From Science Daily:
[…] participants, who had an average age of 50, were recruited from pain and chiropractic clinics in Ohio, USA. They had been suffering from a range of painful conditions, including osteoarthritis, disc problems and rheumatoid arthritis, for an average of six and a half years.
90 per cent said the pain affected more than one part of their body and 95 per cent said it was continuous. Before the music study, participants reported that their usual pain averaged just under six on a zero to ten pain scale and their worst pain exceeded nine out of ten.
“The people who took part in the music groups listened to music on a headset for an hour a day and everyone who took part, including the control group, kept a pain diary” explains nurse researcher Dr Sandra L Siedlecki from the Cleveland Clinic Foundation, Ohio.
Forty people were assigned to the two music groups and the other 20 formed the control group.
At the end of the trial:
- The music groups reported that their pain had fallen by between 12 and 21 per cent, when measured by two different pain measurement scales. The control group reported that pain increased by between one and two per cent.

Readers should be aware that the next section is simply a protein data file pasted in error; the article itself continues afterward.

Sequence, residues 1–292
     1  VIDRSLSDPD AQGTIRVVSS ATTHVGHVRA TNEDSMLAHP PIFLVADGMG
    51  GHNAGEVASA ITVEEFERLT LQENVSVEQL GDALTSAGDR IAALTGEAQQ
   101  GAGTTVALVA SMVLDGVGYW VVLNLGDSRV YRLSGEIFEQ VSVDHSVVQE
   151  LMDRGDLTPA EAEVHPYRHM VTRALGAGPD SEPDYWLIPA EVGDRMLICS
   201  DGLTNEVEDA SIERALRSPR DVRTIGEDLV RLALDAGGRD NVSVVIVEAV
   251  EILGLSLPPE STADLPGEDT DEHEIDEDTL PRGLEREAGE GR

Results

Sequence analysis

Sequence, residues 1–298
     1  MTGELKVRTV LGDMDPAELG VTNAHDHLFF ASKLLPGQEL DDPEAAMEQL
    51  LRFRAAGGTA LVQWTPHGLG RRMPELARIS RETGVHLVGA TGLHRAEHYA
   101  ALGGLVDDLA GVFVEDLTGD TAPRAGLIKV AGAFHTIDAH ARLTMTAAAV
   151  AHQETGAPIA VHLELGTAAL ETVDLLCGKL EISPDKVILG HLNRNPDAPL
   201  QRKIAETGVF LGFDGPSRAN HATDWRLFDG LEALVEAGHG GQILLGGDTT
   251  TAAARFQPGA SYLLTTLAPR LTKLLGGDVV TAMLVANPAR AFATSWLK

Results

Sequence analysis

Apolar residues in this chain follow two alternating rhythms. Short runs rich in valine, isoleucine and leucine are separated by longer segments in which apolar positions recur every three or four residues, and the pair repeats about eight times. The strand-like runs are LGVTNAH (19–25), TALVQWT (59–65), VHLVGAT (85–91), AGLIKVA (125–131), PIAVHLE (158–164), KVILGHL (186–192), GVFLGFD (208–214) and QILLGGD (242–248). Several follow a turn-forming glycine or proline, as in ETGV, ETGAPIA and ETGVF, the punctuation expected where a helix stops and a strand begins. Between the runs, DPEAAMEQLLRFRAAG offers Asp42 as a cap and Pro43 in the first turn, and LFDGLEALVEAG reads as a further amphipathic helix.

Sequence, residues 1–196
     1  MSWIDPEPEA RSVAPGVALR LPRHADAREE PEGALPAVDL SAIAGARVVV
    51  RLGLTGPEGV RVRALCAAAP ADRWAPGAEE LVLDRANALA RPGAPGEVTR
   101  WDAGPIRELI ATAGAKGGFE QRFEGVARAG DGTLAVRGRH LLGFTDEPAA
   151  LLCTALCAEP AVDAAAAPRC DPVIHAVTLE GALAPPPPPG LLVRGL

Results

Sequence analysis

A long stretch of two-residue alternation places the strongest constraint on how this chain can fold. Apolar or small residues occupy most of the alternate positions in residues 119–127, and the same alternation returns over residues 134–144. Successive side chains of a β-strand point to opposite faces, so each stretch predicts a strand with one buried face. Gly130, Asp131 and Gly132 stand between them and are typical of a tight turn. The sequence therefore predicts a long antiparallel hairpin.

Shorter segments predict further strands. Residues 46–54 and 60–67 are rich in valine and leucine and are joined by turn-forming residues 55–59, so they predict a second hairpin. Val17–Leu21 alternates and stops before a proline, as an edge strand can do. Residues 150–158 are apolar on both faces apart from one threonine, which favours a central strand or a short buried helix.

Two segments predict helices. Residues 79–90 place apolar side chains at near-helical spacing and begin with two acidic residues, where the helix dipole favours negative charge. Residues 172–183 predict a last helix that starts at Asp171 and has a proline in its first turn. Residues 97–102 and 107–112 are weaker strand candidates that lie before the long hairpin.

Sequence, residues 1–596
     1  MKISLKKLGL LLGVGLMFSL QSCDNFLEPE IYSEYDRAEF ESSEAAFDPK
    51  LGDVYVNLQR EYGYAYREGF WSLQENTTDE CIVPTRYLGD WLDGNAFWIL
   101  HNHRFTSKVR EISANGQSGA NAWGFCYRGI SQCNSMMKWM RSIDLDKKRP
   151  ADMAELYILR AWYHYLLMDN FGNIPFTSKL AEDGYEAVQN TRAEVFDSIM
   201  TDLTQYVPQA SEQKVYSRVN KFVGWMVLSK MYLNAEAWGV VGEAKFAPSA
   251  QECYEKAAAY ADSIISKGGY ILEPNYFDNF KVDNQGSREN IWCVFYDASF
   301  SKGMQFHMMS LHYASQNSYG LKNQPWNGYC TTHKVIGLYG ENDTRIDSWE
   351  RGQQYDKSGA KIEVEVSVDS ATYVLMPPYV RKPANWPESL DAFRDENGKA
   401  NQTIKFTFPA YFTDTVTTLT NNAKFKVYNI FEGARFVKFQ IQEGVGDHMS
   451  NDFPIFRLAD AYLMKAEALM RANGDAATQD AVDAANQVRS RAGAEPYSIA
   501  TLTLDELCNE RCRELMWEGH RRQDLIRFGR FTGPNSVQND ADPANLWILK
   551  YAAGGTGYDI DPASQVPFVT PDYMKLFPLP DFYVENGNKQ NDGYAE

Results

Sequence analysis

- People in the music groups reported 19 to 25 per cent less depression than the control group.
- The music groups reported feeling nine to 18 per cent less disabled than those who hadn’t listened to music and said they had between five and eight per cent more power over their pain than the control group.
In the original study, to which I don’t have access, one music group had their choice of music, and the other music group had “relaxing” tapes selected for them. There were some small differences between the music groups; however, it would have been interesting to carry this study farther and have a classical group as well, given the numerous other studies that have been done in similar experiments.
If you take medication for chronic pain or depression, you must report this to your insurance company, which may make it more difficult, expensive, or even impossible to get health insurance. What you don’t have to report to them is what kind of music you listen to. By listening to classical music, you may reduce your need for medications to control mood and pain, reduce your exposure to the side effects of those medications, and increase your insurability. So it’s time to load up that music player with classical music and listen. In this case, patients listened for one to two hours daily. More might be better, and unlike many other things, you can’t overdose on music!